Basketball

Everything You Need To Know About The FIBA European Championship For Small Countries Tournament In Dublin

Everything You Need To Know About The FIBA European Championship For Small Countries Tournament In Dublin

Ireland’s senior men’s team are back in competition for the first time since 2018 as they host the FIBA European Championship for Small Countries at the National Basketball Arena in Tallaght. The round robin tournament runs from today to Sunday.

Format

The Small Countries event is a five-team group tournament, that will see each team play four games.

This year there will be no finals and the winner will be decided by the best record after the round robin format.

Ireland’s Schedule

Tuesday vs Andorra, 7pm

Thursday vs San Marino, 7pm

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Saturday vs Gibraltar, 7pm

Sunday vs Malta, 7pm   

Where to watch?

All the games will be shown on FIBA’s YouTube channel and will be available on Basketball Ireland’s social channels.

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About the Irish team 

The buzz around the Irish team this summer is the arrival of a new wave of talent who look set to form the core of the team for the next decade. John Carroll is a 6’8 forward from Dublin who played college basketball for Hartford University (scoring 1,335 career points).

Carroll starred in the team’s warm up games, and he comes in with an exceptional pedigree having excelled in Spain’s LEB Silver league this past year. John has an impressive physicality but also a great shooting touch from the perimeter and a lot of Ireland’s offense will likely run through the Howth man.

 

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Carroll is joined by two exciting professionals in Sean Flood (Germany) and Jordan Blount (Spain) who both had good college careers in America, before debuting professionally last season. Flood is a sharp shooting guard, while Blount is a tornado of force who causes matchup problems all over the floor.

Perhaps the most anticipated addition to the team will be Belfast’s CJ Fulton. CJ’s rise to stardom has been well documented within Irish basketball.  Back in 2018, he hit 15 three pointers in a schools final before going on to lead Belfast Star to a Super League title in 2020 while still in secondary school.

After a year in Prep School in the States, CJ is now about to start his college career at Lafayette in September. Fulton is inexperienced at senior level but is still expected to be a big contributor for the boys in green.

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Alongside the young talent there are more experienced campaigners, including captain Jason Killeen from Griffith College Templeogue. Killeen is 6’10 and has immense international experience both professionally and for his country.

Jay will also partner up with a debutant for the team, Irish-American Will Hanley. The 31-year-old from Connecticut played in Uruguay this past season and has experience in some of Europe’s top leagues including the Spanish ACB, arguably the second-best domestic league in the world.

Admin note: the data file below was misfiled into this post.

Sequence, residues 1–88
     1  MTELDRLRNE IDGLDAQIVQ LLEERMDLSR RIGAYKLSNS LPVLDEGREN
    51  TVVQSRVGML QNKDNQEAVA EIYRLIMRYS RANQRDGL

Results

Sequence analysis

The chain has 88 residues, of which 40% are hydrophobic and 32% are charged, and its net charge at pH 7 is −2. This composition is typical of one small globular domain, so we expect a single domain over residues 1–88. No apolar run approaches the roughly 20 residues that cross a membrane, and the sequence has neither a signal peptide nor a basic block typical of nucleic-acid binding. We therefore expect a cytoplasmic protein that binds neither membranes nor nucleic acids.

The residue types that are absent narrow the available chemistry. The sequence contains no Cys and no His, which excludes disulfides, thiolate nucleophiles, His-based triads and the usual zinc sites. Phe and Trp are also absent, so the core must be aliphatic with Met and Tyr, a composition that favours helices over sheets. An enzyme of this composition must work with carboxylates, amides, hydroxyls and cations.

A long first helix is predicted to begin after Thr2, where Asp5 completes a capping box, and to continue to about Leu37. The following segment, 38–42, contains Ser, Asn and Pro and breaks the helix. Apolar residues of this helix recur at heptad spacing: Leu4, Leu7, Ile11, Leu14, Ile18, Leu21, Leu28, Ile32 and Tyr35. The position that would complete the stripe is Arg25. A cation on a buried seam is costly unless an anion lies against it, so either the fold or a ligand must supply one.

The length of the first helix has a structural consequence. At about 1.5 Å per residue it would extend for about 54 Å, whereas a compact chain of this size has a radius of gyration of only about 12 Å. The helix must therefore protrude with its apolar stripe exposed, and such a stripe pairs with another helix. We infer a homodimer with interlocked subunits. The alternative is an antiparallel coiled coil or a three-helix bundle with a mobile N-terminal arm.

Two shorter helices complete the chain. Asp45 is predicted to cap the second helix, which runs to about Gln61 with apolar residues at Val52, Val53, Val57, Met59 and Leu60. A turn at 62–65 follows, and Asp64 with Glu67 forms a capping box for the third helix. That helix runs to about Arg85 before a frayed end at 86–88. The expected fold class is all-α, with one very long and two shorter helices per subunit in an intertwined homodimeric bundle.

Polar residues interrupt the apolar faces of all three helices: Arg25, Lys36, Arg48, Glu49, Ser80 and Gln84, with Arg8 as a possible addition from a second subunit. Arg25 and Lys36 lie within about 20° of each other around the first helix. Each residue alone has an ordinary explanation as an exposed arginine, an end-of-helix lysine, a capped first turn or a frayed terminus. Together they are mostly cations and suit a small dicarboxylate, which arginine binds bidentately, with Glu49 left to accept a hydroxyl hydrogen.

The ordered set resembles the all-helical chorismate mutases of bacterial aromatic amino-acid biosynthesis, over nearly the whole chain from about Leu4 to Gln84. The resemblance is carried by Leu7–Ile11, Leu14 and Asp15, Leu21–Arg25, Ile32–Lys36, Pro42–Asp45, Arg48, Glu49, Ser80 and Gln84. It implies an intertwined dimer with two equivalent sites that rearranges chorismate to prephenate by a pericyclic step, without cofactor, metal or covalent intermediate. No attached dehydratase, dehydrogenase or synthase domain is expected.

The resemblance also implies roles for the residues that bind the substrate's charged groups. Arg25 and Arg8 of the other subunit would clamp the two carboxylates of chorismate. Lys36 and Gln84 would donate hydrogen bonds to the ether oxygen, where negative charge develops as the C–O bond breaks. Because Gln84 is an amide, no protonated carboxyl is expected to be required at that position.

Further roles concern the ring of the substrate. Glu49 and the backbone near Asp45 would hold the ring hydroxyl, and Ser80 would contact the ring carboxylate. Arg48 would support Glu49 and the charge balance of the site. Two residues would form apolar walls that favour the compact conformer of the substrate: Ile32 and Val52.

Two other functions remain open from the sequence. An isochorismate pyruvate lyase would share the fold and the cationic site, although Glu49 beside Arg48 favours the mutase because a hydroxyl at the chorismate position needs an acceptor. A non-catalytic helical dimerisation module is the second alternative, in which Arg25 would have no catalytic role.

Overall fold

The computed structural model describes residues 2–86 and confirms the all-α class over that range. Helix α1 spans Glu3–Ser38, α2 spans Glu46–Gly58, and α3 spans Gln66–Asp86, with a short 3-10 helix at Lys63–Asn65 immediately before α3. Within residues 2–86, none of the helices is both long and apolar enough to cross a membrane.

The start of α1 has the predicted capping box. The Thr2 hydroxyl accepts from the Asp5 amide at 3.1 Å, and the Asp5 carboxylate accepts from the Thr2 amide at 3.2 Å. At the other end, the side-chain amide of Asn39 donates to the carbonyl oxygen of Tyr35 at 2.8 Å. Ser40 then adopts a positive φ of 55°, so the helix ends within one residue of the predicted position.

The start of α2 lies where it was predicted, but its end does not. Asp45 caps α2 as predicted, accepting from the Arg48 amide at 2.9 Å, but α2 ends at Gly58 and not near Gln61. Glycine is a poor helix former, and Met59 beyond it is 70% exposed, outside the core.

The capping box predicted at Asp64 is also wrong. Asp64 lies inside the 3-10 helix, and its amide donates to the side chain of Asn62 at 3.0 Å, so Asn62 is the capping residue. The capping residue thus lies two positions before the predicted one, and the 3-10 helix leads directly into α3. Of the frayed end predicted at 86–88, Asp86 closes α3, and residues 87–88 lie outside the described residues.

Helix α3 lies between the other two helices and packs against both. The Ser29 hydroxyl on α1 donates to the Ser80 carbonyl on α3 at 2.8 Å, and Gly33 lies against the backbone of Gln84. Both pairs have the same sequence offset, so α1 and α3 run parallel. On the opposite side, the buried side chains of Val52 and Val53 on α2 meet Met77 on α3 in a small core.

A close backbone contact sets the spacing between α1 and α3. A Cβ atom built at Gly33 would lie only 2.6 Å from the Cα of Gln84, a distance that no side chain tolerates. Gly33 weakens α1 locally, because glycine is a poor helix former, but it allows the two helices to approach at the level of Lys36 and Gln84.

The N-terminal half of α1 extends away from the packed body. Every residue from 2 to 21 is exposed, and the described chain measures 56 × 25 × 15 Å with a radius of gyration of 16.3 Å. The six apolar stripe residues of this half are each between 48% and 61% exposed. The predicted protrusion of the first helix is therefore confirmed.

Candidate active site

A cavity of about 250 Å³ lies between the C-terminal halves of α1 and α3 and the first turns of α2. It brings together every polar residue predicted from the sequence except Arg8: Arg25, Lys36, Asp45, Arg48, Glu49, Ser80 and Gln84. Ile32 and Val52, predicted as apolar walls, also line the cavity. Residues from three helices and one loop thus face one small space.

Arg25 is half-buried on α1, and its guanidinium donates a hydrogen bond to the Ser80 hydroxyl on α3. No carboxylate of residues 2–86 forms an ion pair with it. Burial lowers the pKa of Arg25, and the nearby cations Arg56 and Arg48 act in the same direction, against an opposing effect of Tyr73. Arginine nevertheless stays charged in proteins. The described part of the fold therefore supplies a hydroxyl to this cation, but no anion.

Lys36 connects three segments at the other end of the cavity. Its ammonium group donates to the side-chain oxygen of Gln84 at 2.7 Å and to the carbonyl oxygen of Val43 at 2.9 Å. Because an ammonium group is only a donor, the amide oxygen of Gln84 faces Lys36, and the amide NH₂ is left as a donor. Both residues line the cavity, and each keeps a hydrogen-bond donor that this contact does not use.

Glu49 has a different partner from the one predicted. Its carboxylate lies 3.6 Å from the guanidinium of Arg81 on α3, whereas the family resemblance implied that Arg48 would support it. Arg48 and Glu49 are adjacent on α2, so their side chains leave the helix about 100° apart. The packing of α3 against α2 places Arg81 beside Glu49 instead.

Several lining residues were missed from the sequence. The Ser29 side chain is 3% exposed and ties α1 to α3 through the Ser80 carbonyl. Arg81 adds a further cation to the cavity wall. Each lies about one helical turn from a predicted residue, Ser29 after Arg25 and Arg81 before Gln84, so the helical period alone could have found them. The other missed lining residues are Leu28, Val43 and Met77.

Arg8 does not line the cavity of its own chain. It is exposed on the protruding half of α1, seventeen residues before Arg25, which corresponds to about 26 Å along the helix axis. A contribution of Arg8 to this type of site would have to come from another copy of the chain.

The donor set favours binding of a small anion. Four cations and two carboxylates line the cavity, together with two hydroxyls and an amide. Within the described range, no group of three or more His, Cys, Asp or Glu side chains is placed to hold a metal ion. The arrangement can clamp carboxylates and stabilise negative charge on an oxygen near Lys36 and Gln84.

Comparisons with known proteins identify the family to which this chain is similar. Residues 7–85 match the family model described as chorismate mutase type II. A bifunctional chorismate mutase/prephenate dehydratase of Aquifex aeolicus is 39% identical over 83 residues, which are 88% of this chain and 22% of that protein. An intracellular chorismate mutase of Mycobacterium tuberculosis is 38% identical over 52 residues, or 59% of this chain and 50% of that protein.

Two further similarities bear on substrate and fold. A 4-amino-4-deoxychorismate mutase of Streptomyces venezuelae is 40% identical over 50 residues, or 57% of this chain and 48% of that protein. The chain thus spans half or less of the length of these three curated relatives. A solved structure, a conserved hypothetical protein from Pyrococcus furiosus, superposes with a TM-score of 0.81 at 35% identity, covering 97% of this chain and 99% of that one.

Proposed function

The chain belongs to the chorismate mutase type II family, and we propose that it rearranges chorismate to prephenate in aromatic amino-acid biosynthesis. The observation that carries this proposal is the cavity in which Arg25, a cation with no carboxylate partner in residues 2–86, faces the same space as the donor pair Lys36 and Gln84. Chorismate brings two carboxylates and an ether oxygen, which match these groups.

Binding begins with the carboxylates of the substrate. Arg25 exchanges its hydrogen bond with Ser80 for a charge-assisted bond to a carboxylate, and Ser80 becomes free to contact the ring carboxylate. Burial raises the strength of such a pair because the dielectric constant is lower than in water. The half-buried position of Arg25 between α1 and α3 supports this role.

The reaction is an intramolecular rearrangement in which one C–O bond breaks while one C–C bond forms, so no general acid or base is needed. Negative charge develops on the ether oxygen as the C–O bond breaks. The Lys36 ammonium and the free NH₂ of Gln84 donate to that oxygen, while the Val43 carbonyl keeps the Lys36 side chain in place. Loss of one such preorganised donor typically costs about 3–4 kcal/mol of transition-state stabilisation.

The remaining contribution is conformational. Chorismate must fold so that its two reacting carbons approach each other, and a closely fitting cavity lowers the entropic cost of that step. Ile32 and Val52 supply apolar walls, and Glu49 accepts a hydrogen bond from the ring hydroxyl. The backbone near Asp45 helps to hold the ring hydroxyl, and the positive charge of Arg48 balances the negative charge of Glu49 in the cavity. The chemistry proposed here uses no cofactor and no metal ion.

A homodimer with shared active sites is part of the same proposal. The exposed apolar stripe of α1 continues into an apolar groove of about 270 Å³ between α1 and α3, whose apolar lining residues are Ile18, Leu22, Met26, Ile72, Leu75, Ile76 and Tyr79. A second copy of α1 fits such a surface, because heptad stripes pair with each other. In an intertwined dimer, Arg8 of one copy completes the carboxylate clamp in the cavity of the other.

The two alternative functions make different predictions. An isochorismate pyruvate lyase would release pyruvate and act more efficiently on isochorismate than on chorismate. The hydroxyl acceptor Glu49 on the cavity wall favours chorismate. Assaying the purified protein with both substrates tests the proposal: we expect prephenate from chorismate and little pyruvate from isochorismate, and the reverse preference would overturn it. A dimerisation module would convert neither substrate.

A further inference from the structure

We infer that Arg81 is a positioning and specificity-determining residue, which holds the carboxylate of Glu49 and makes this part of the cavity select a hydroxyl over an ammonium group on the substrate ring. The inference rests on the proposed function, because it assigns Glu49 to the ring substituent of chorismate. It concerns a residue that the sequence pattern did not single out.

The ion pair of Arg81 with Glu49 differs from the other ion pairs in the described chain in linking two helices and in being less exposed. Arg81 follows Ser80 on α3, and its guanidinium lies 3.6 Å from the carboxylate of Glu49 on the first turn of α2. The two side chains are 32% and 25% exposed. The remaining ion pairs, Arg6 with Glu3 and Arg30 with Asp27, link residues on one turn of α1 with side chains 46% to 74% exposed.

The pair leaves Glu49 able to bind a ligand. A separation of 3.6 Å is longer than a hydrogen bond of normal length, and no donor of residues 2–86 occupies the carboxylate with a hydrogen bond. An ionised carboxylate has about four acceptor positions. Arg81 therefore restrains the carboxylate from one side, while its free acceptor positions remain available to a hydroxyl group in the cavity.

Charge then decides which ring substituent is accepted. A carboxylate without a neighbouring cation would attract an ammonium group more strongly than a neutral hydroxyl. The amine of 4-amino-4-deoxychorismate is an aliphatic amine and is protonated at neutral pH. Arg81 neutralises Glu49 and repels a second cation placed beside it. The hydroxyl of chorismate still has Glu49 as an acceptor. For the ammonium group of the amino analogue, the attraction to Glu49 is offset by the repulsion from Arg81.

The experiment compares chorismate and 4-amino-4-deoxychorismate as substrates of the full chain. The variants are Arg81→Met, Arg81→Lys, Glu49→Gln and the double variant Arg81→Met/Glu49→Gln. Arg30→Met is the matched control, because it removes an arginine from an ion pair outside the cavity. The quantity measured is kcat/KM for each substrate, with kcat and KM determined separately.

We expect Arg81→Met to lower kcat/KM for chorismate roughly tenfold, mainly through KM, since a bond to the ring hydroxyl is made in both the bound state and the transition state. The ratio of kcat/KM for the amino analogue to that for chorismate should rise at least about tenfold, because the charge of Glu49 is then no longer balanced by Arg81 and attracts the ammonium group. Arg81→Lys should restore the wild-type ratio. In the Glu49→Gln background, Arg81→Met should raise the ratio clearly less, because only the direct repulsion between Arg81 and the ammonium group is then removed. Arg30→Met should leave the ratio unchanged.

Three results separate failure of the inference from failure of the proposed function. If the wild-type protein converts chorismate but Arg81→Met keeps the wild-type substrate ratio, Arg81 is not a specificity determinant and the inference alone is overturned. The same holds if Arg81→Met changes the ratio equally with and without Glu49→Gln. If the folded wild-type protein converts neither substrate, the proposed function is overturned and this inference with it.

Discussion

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Hanley is a top-quality addition for Ireland and his versatility and shooting ability will be a big addition to the team.

Who to watch out for?

Ireland came third in the 2018 competition with an arguably weaker team than this year’s group. Norway knocked Ireland out in the semi-finals last time, but they are not back in this year’s competition.

Malta won the 2018 tournament, and they look to be the team to watch out for again this year. When the teams faced off in the group stage in 2018, Malta won by 11.

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The big news coming into the week’s tournament is that their 7-foot big man Samuel Delgara (MVP of the 2018 tournament) has not travelled and he will be a big loss for the Maltese.

The other major threat will come from Ireland’s game one opponents Andorra.

The Andorran’s are missing some experienced contributors (particularly on the inside) but they have Guillem Colom a 6’5 guard who is playing in the top Spanish league for Morabanc Andorra.

Colom was one of the top scorers in 2018 and he will be expected to lead the young Andorran team again.

With Ireland playing Andorra in the first game without much competitive action since March 2020 for over half of the team it is a tricky hurdle that coach Mark Keenan will be keen to get past.

Historic Connections

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Ireland have won at this level only once before, when the tournament was last held in Dublin in 1994.

Mark Keenan, who is the coach of this year’s team, was the captain of that Irish team, and he even scored the game sealing free throw to secure the championship.

Adrian Fulton was Mark Keenan’s back up in 1994 and he now joins Keenan on the sidelines as assistant coach.

The Fulton family are synonymous with the Irish team with Adrian playing for many years, his father Danny coaching the team in the 70s and 80s and now his son CJ stepping up to lead the team this year.

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